1 Corinthians 

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1 Corinthians

Last Updated November 28, 1998

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Chapter 1: 18 (KJV) (Matthew Henry)

1:18 "For the preaching of the cross is to them that perish foolishness; but unto us which are saved it is the power of God."

This text focuses on Paul as he writes to the church at Corinth about the wisdom of preaching about the cross of Christ.

Paul explains that those who are saved recognize the Christ as a symbol of the power of God. To those outside of the faith the church is involved in foolishness. There are several key words in this single verse which should be noted for fuller understanding:

PREACHING:(Greek: Logos) Preaching is the expression of divine truths through the spoken or printed word. It takes on various forms such as: sermons, lectures, talks, narratives, speeches, drama, commentaries. Sometimes when we do not hear the words, situations preach to us. Jonah tried to avoid his mission from God, but his three journey in the belly of a fish let him hear a long sermon. The situation preached to him. Actions preach much louder and more effectively than spoken or printed words. A sermon lived is better than one preached any way. Preaching, according 1 Corinthians 14:3 has three purposes: edification, that is to build them up, enlighten and improve them; exhortation, that is to inspire and life them; and comfort. To those out of the faith preaching is unnecessary, foolish and wasteful. However Romans 10:14 reminds us that the first step to releasing the power of God is through hearing the preached word: "How then shall they call on him in whom they have not believed? and how shall they believe in him of whom they have not heard? and how shall they hear without a preacher?" Singing, praying, testimonies and other forms of worship are inspiring but preaching is the source of our power, because in those moments we hear inspired expressions that direct us in the Godly path.

CROSS:(Greek: Stauros) Is simply a stake, pole or post in the ground that was used for capital punishment. When Paul spoke of the cross as the power source of Christians, he was not referring to the wooden stake itself, but the entire range of ideas associated with symbolized by the cross which include the sacrifice of Christ, his blood shed, his death, burial and resurrection. Some denominations teach that the cross should not be a Christian symbol because it symbolizes death, but the word of God says it is a symbol of the power of God. The crucifixion of Christ transformed the cross from a symbol of shame and embarrassment to a symbol of the power of God. The cross has this symbol because Christ's death on the cross blotted out our sins and obligation to ritual, in effect, nailed them to his empty cross. (Col 2:14 Blotting out the handwriting of ordinances that was against us, which was contrary to us, and took it out of the way, nailing it to his cross;)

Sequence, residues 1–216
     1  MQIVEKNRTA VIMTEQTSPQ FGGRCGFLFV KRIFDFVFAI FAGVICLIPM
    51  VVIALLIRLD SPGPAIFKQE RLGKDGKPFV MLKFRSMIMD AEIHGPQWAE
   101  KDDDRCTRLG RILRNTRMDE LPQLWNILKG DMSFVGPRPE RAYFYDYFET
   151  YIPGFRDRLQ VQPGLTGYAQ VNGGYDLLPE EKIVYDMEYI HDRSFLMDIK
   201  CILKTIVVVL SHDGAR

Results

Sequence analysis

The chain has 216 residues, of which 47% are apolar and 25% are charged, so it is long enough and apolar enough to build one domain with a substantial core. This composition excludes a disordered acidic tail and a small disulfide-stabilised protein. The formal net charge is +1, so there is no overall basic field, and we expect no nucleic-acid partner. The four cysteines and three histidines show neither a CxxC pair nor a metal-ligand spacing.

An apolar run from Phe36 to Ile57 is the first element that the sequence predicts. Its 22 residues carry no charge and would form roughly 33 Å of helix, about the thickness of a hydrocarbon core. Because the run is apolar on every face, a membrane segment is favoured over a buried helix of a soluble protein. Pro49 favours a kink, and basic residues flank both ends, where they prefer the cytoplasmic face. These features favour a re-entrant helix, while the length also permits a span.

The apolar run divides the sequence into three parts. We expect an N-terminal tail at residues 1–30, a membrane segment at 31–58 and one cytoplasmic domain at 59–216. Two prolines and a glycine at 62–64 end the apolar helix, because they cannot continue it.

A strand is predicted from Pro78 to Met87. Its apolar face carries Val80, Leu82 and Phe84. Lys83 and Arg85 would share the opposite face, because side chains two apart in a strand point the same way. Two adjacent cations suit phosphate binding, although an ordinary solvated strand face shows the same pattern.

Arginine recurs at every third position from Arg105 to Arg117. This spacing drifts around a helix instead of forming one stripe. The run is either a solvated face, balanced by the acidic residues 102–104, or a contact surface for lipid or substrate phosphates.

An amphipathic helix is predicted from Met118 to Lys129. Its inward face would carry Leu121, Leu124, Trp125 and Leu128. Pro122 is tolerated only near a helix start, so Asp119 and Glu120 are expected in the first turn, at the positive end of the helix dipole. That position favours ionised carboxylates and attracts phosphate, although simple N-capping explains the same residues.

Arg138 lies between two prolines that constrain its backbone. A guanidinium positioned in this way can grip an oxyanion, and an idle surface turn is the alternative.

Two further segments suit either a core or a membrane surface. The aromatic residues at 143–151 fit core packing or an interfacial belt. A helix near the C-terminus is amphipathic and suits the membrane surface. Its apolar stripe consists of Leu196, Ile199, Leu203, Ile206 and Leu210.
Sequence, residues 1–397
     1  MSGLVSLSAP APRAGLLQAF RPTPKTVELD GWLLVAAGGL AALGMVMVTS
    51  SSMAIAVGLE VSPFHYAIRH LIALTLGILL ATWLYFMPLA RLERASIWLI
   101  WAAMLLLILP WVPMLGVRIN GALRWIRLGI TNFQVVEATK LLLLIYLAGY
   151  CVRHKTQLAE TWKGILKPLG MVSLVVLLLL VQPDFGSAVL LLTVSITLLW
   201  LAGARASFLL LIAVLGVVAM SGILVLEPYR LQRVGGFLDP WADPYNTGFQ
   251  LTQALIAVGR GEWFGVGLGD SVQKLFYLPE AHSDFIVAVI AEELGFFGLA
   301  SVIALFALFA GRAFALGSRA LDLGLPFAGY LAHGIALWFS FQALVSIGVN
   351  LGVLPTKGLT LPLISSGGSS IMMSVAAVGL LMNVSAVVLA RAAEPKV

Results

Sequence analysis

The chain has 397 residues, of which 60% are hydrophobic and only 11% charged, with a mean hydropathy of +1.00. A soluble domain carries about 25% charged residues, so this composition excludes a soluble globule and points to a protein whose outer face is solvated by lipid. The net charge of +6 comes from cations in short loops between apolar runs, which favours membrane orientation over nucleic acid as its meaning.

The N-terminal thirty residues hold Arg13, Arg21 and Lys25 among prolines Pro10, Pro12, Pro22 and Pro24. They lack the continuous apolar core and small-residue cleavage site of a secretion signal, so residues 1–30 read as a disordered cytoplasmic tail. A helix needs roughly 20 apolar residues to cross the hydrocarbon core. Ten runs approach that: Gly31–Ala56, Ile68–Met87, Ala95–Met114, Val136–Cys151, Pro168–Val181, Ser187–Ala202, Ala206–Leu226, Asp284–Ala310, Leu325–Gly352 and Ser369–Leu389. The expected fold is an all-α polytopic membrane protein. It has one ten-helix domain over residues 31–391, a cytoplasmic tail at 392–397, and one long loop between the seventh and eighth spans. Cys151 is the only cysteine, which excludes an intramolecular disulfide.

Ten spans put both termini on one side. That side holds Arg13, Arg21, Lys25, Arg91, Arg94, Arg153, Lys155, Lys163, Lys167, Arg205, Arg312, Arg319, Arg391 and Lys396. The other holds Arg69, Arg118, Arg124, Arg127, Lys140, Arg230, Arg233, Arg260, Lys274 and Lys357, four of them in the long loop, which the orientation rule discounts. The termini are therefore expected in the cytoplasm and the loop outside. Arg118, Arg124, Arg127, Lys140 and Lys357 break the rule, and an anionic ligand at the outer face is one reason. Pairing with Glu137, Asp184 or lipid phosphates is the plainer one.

Moreover, the cross is the means by which we are able to make peace with God. (Col 1:20 And, having made peace through the blood of his cross, by him to reconcile all things unto himself; by him, I say, whether they be things in earth, or things in heaven.) Christ, because of Calvary is able to justify us, to make peace for us before God.

The cross symbolizes the establishment of the Lordship of Christ and therefore his ability to intercede and mediate for us before God.( Phil 2:8 And being found in fashion as a man, he humbled himself, and became obedient unto death, even the death of the cross. Wherefore God also hath highly exalted him, and given him a name which is above every name: That at the name of Jesus every knee should bow, of things in heaven, and things in earth, and things under the earth; And that every tongue should confess that Jesus Christ is Lord, to the glory of God the Father. Philippians 2:9-11.)

Paul said the preaching, teaching, and promoting the cross and the power it symbolizes believers glorify God because we recognize the cross as a symbol of the power of God himself.

--PERISH, (apollumi) FOOLISHNESS ( moria ): Those who do not share the faith of believers think that the inordinate amount of time spent studying the word, listening to sermons, attending classes, and otherwise sharing in the expression of the word is a literal waste of time. When Paul preached about Christ and his crucifixion the Jews considered it a stumbling block or an obstacle the interrupted their routine and threatened the status quo. The Greeks simply considered the possibility of the resurrection from the dead, a risen Lord, and divine intervention by a once crucified leader as absurdity and "foolishness." (1 Cor 1:23 But we preach Christ crucified, unto the Jews a stumblingblock, and unto the Greeks foolishness;) Those who perish are those who reject the power of the cross. They have heard the story but they do not accept it as truth, therefore they consider preaching in all of its forms, is a waste of time.

It is not foolish to talk about God!

It is not foolish to preach and teach about his wondrous works! It is not foolish for us to believe that God hears and answers prayers It is not foolish for us to believe that God performs miracles It is not foolish, it is faith, that God is the same today as he was yesterday!

POWER:(Greek: Denims) Those who are believers know that the cross is the source of ability, energy, inspiration, and imagination. However, the word "Denims" suggest more than the ordinary. It suggests miraculous power supplied by God. The word Denims is talking about the spiritual Energizer! The spiritual "bunny rabbit" that just keeps going and going and going! Those who are anointed with the power of God act in miraculous ways! Abilities are expanded when anointed by the power of God! Energy seems endless, inspiration flows, and imagination seems boundless when anointed by the power of God.

Chapter 2: 9 (KJV) (Matthew Henry)

2:9 "But as it is written, Eye hath not seen, nor ear heard, neither have entered into the heart of man, the things which God hath prepared for them that love him."